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More than two decades ago, Professor Deborah Merritt turned her attention to responding to the then-proliferating efforts to raise state passing scores for the bar examination. Writing with Lowell Hargens and Barbara Reskin, two professors of sociology, Professor Merritt challenged the methodology of the studies that purported to show the need to “raise the bar.” In the process, she presciently raised broader concerns about the validity of the bar exam to assess lawyer competence and the impact of the bar exam on the diversity of the legal profession. In the years since, Professor Merritt has continued to critique the bar exam, and her work has laid a foundation for the work of many others— including the authors of this piece—challenging the validity and adequacy of the current lawyer licensing system.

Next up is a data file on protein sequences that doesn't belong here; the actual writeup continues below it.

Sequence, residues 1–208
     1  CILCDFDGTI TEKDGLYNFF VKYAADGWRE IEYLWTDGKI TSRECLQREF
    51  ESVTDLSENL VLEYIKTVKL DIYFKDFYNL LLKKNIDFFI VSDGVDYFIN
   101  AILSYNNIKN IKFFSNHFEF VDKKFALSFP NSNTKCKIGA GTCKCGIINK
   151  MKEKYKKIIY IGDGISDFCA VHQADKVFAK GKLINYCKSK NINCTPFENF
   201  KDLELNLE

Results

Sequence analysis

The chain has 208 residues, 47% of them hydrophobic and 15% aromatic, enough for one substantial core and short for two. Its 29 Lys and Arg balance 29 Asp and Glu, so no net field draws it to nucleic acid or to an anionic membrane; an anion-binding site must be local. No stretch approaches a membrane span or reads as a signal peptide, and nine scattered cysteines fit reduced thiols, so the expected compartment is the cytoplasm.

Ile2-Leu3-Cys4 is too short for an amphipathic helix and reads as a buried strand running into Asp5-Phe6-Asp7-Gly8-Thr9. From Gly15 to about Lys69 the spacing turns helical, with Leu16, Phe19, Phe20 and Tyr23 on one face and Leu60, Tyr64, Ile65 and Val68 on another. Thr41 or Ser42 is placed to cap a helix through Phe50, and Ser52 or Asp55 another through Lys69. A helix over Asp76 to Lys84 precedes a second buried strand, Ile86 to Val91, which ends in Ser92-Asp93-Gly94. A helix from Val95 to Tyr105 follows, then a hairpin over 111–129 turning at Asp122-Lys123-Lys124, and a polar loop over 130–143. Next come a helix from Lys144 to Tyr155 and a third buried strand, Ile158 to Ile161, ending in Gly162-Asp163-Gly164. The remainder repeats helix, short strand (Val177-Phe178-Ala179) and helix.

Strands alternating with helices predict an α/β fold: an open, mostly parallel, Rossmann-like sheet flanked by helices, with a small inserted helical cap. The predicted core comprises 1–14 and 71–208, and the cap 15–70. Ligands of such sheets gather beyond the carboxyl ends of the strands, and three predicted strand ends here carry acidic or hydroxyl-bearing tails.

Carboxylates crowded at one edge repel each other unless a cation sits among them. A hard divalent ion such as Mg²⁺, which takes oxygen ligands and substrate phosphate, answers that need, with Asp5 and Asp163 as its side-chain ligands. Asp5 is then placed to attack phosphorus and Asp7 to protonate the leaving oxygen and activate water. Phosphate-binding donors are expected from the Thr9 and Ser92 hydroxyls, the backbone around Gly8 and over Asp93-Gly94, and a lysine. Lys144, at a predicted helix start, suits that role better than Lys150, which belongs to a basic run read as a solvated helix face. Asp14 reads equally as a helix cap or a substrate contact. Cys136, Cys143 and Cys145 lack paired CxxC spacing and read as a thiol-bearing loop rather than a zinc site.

The reach of Professor Merritt’s work far exceeds the impact of her academic scholarship. She is as concerned with practice as with theory, and her empirical work and her involvement with those advocating for change have been instrumental in both leading and encouraging others on a similar journey. We, like others, have been inspired by her to continue our work to reform the lawyer licensing process. In this Essay, we discuss and expand on Professor Merritt’s groundbreaking work re-envisioning the bar exam and developing more effective alternative licensing methods.

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Ohio State Law Journal